The unfolding of this season seems to be in slow motion compared to most in the past. The reason for this is because it's the longest season in the history of the northern hemisphere game.
Since the start Leinster have been sitting pretty in both competitions and, as usual at the end of the Six Nations, they will be thrown into the knockout stages.
This top-table sitting gives Leinster confidence but as we have learned over the past decade European Champions Cup glory is not directly related to the performances on the pitch.
This time last year the many of the Leinster contingent in Irish camp were struggling to find form and had some dark days in what was normally a successful regime. They also had to be conscious of World Cup selection which was still a long six months down the road.
This situation would test the mental resolve of any professional, even more so when you can see your international coaches' demeanour change throughout this period.
When players returned to Leinster camp last season they needed to reboot themselves and most did, resulting in improved performances in the European play-offs, but it wasn't enough to ward off a Saracens onslaught.
Post-Champions Cup they struggled once again in the World Cup warm-ups and the rest is history.
Roll back 15 months further and the IRFU wanted consistency after the Joe Schmidt era so they appointed Andy Farrell.
But the problem was they wanted continued success from the previous years not that year that was to follow. Players and team performances made the Irish rugby public request change in personnel but that was never in Farrell's manifesto.
We knew there would be inconsistencies in Irish selection.
Rhys Ruddock being the immediate casualty.
Caelan Doris, picked to start against Scotland, was a positive note as he looks to spend the next decade in Ireland's back-row.
While he may well have to wait for another day others have played themselves into contention.
If you were being ultra-critical you could say we have started a Six Nations campaign without our best Irish XV.
After the Scottish clash you could argue to bring Rob Kearney back into the mix after some poor back-three game management.
All is well now but if Leinster were to play Ireland there would be only one outcome.
This has happened before when club has played country and club prevailed but it was post-season as it was for the benefit of the province and its European campaign.
There is no doubt though that Max Deegan, Rónan Kelleher and Ross Byrne will benefit from their inclusion in this international series and their Six Nations experience will benefit Leinster come April.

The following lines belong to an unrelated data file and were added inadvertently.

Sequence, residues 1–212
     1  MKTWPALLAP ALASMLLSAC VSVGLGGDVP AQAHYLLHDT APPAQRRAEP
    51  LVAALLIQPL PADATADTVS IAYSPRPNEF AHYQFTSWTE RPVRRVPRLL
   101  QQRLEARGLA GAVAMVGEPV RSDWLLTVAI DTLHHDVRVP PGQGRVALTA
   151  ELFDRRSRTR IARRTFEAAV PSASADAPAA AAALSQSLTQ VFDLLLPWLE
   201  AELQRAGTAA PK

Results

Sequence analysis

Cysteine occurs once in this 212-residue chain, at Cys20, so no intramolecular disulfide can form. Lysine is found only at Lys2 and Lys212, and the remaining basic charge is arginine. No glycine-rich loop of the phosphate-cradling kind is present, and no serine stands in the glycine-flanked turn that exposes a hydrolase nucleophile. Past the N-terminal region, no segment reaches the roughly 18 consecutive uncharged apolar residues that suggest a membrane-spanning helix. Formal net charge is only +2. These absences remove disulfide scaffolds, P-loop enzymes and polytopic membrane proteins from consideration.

The level of scrutiny on these earlier selections has waned and the fans are excited about what Ireland could achieve following two wins out of two.
But from a players' point of view, it will still prove the Leinster set-up is a more rewarding place to be than the international camp.
It is quite clear that, for the moment, the desire to be on the international scene is not what it used to be.
This change of priorities this season should be enough for the Blues to win trophies and with Saracens regularly shooting themselves in each foot the momentum is definitely with Leinster.
So far throughout this Six Nations players are playing with a sense of freedom but this is more of an individual progression rather than team progression.
There are not many calls or patterns that provincial players will need to forget in order to return to Leinster's game-plan.
You could probably say the same about the Irish defensive patterns. Andy Farrell deserves more time to add more structure but for now management and player relationship is at optimum level at the home province.
The recent three-week break for Leinster was mandatory but probably too long for those players wanting to keep up performance levels.
However, the Leinster squad is unlikely to be halted tomorrow against the Cheetahs even with Ruan Pienaar at the helm.
The South African side will be in a buoyant mood from their recent victories over the Southern Kings and will likely meet a rusty Leinster XV.
The Leinster management, of course, have also got a break; this gives them time to assess the next block of the Leinster season while the English and French clubs battle on in their domestic leagues.
The recent resurgence of French rugby will have the opposite affect on the club scene. Before, French players put club before country; this season, it's the opposite.
Throw in some recent French and English player injuries and it all bodes well for Leinster.